Over the years, advances in bike safety technology have helped protect cyclists from fatal injuries. For example, recently a Swedish firm developed an airbag for bicyclists. When sensors detect an unusual movement that indicates a potential crash, in one-tenth of a second the airbag deploys out of a collar worn around the neck.
In Florida — whether you are in a bicycle accident or any other accident — courts apply the doctrine of pure comparative fault (otherwise known as pure comparative negligence) when determining liability. Fortunately for plaintiffs, the doctrine of pure comparative fault is quite plaintiff-friendly, as it allows those who suffer harm in accidents (caused by others) to recover damages even when they are partially responsible for their own injuries. This can have significant consequences for a lawsuit.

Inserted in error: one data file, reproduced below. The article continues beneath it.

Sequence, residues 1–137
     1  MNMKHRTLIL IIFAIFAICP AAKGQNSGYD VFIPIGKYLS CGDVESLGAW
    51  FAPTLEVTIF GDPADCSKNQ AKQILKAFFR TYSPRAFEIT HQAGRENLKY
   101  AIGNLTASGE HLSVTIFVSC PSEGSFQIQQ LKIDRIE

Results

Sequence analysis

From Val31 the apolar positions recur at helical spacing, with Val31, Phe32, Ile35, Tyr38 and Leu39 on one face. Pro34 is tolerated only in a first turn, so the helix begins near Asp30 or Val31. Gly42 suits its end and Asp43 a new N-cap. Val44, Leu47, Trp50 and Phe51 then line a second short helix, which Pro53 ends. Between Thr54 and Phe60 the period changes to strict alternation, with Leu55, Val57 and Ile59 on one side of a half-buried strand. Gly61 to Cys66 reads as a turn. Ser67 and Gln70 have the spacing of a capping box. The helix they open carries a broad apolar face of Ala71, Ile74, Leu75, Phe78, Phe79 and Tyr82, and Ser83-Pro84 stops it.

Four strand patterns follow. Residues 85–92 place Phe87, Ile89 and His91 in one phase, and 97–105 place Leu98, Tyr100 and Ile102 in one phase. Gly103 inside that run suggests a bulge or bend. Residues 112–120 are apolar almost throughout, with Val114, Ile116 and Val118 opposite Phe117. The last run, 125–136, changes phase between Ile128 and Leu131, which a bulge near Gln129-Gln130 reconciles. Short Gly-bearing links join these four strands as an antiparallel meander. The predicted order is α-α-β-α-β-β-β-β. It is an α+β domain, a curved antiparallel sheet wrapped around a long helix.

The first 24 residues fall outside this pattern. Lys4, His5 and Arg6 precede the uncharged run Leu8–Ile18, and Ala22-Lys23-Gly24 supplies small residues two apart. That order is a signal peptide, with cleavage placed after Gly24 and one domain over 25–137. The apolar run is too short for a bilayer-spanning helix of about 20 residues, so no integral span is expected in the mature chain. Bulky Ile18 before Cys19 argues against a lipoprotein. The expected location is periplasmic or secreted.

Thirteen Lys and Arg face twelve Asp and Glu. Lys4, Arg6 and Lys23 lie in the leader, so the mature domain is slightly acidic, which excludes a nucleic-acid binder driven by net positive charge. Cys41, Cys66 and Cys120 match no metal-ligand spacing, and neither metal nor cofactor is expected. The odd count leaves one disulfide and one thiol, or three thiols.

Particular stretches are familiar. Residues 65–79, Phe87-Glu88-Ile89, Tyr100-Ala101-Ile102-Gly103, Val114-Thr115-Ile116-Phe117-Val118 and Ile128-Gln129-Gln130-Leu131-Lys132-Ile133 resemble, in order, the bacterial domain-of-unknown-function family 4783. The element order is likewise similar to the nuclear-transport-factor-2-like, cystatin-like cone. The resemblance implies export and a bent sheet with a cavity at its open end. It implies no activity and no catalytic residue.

Confused? Let’s clarify with a quick example.
Suppose that you are injured in a bicycle accident in which the defendant-driver collided with you. Further investigation reveals that you were speeding down the road at the time of the accident, and that your choice to maintain such high speeds may have contributed to the occurrence of the accident. You and the defendant present your respective arguments (and evidence), and the court determines that the defendant-driver is 80 percent responsible for your injuries, and that you are 20 percent responsible for your own injuries. Thus, if your damages claim is $100,000 in total, you would “lose” a percentage equivalent to your own fault contribution — your adjusted recovery would be $80,000.